Reversal of end-stage heart failure in juvenile hemochromatosis with iron chelation therapy: a case report.
AuthorCooray, SD; Heerasing, NM; Selkrig, LA; Subramaniam, VN; Hamblin, PS; McDonald, CJ; McLean, CA; McNamara, E; Leet, AS; Roberts, SK
Source TitleJournal of Medical Case Reports
PublisherSpringer Science and Business Media LLC
AffiliationFlorey Department of Neuroscience and Mental Health
Medicine and Radiology
Document TypeJournal Article
CitationsCooray, S. D., Heerasing, N. M., Selkrig, L. A., Subramaniam, V. N., Hamblin, P. S., McDonald, C. J., McLean, C. A., McNamara, E., Leet, A. S. & Roberts, S. K. (2018). Reversal of end-stage heart failure in juvenile hemochromatosis with iron chelation therapy: a case report.. J Med Case Rep, 12 (1), pp.18-. https://doi.org/10.1186/s13256-017-1526-6.
Access StatusOpen Access
Open Access at PMChttp://www.ncbi.nlm.nih.gov/pmc/articles/PMC5787235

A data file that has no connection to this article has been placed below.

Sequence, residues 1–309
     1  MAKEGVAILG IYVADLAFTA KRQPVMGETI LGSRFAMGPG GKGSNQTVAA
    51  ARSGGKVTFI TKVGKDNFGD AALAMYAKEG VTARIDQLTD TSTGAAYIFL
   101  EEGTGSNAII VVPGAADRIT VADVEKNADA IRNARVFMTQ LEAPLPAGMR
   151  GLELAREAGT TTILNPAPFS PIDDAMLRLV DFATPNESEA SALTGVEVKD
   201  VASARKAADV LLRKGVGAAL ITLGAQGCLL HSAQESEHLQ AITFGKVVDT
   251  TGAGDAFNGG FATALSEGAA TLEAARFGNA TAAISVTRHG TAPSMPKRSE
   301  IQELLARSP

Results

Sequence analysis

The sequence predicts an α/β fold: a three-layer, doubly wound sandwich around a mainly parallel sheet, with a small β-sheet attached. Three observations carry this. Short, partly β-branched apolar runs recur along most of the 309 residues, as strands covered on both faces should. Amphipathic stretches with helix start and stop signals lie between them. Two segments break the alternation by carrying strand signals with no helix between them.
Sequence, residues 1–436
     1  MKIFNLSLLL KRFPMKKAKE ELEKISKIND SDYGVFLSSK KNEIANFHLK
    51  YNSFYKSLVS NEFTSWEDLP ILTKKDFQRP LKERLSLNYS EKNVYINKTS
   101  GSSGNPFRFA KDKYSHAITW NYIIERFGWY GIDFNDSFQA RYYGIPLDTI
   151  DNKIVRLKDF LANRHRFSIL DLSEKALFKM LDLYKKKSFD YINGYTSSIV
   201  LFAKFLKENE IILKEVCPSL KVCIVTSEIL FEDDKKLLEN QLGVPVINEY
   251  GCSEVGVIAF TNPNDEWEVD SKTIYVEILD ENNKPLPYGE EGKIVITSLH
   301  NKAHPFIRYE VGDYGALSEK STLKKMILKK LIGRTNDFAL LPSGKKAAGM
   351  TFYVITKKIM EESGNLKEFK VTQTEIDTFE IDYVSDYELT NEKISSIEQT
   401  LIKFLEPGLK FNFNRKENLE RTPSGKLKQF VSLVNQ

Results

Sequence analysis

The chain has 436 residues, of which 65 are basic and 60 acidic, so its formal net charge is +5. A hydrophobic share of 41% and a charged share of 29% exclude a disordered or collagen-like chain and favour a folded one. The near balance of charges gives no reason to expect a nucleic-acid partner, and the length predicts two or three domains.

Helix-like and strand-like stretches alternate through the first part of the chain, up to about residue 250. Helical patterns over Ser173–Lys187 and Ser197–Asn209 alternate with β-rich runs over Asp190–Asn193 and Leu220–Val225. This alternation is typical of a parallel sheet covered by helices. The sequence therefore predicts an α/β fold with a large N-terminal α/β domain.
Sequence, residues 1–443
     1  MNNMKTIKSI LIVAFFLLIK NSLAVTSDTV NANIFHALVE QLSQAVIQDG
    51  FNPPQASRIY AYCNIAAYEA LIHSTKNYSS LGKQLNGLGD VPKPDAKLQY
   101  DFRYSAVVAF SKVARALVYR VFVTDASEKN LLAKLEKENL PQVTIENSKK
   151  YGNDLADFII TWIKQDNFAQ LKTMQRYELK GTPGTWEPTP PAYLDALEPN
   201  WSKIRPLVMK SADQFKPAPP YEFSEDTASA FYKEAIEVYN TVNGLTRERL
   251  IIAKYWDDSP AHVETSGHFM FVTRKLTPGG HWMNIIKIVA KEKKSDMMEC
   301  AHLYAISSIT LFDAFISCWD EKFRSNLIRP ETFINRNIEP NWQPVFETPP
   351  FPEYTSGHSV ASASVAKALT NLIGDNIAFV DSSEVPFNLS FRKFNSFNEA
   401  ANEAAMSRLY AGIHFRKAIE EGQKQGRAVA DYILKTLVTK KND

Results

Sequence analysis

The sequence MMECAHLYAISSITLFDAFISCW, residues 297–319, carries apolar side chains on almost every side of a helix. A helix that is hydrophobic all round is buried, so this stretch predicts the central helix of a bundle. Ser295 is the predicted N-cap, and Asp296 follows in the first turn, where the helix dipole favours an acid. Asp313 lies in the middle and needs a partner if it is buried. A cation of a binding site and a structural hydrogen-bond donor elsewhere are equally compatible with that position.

BACKGROUND: Juvenile hemochromatosis is the most severe form of iron overloading phenotype. Although rare, it should be suspected in patients who present with hypogonadotropic hypogonadism, diabetes mellitus, or cardiomyopathy without a clear cause. CASE PRESENTATION: A young Serbian male presenting with end-stage heart failure was referred for extracorporeal membrane oxygenation. An endomyocardial biopsy revealed cytoplasmic iron deposits in myocytes. His condition was stabilized with biventricular assist devices and he was listed for heart transplantation. Iron chelation therapy was commenced and resulted in rapid removal of iron burden. Serial outpatient echocardiograms demonstrated myocardial recovery such that a successful biventricular assist device explant occurred 131 days after initial implant. Targeted gene sequencing revealed a loss-of-function mutation within the HJV gene, which is consistent with juvenile hemochromatosis. CONCLUSIONS: This rare case of a patient with juvenile hemochromatosis associated with a HJV mutation provides histologic evidence documenting the reversal of associated end-stage heart failure, requiring emergent mechanical circulatory support, with iron chelation therapy.
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